[Welcome To the Rockaliser 30, a month-long series devoted to classic albums that have been eclipsed, forgotten, misheard, or otherwise not given their propers. This is Day Twelve. Archive here.]
Galaxie 500 are legends, Low are elder statesmen, and Codiene have their own goddamn Numero box set. When will Texas slowcore get some respect? The crystal-clear trances of Austin’s American Analog Set were among the genre’s best. And that band wasn’t as impressive as Dallas’ Bedhead.
Bedhead (and their offshoot, The New Year) revolved around brothers Matt and Bubba Kadane, whose slowly swelling guitar lines are their groups’ most distinctive sound. Bedhead only recorded three albums, all good but none more indelible than their 1994 debut, WhatFunLifeWas.
In the 90’s, quiet verses exploding into loud choruses were a fixture of alternative hitmaking. It’s a style associated with the Pixies and popularized by Nirvana, although it predates both groups. Bedhead’s music spurns this formula completely. Theirs songs begin quietly, with chilly, forlorn guitar from the Kadanes, and extremely nondescript vocals. But, without exploding at any one moment, they grow in intensity and volume. By the end of “Living Well”--or any song on this album, really--the band leap up several decibels. Bedhead’s songs move linearly, beginning in slowcore territory, but never ending up in a state you’d call “hushed.”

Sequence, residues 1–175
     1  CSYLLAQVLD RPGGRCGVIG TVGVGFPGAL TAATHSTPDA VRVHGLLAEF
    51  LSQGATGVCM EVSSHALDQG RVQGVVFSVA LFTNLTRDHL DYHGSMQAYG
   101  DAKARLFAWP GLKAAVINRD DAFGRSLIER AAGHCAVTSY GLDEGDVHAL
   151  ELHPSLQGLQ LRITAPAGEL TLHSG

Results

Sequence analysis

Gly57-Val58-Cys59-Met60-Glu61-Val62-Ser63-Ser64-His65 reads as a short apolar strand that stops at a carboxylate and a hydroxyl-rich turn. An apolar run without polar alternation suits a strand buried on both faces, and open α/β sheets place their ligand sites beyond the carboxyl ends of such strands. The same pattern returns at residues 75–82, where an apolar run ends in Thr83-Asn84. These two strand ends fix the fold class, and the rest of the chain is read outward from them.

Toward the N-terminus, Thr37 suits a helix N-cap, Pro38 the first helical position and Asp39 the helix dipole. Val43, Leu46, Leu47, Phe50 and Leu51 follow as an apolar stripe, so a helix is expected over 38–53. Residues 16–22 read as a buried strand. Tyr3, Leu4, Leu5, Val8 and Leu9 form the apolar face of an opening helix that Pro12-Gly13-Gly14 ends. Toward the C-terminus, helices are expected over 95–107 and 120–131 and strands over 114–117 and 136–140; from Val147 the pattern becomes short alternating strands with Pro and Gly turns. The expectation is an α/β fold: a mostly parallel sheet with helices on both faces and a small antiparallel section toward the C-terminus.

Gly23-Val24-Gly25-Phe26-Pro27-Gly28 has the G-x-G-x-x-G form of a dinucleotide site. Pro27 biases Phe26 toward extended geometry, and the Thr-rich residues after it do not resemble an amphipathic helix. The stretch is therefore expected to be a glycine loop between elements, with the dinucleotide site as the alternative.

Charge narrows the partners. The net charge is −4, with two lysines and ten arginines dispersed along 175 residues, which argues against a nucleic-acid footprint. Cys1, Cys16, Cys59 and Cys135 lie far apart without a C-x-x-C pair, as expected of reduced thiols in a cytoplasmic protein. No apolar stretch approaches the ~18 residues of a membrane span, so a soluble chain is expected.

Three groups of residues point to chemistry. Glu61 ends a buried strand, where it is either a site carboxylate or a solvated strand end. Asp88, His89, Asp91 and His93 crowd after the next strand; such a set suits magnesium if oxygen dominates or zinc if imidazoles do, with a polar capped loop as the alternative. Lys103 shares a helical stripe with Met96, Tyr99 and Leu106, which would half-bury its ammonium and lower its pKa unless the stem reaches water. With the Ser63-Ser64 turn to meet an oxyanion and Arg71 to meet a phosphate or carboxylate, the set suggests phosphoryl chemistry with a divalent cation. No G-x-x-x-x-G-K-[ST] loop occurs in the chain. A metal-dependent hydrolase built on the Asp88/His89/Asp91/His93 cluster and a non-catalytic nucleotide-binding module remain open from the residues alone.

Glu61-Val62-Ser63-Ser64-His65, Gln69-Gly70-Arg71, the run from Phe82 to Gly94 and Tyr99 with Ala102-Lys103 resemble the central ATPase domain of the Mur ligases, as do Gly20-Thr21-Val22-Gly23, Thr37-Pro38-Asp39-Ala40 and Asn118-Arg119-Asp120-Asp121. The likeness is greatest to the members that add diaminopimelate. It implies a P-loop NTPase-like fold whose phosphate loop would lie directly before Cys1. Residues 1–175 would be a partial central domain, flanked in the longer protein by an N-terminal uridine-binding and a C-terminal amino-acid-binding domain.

Low’s debut, I Could Live In Hope also came in 1994. You can see why both bands were called slowcore, although it’s a label they each abhorred. But the differences between I Could Live In Hope and Bedhead's debut are instructive. Low work towards a quiet, slow reverie, and asked their fans to sit down at concerts. Bedhead aim for the same state of rapt attention, with similar modesty but at louder volumes. They never attempt to ratchet the rock up all at once, but have patience and they’ll get there soon enough.
WhatFunLifeWas’ secret weapon is its buried pop impulse, most audible on standout “The Unpredicable Landlord.” But the pop here is always latent, slyly suggested rather than shoved in your face. Power-pop this is not. Other tunes have a twinge of country (“To The Ground”), befitting their Texas roots. But Bedhead were not a group to beat you over the head with anything. Their debut has a steely restraint to it--its songs are quiet, clear and precise, until they grow into something entirely different.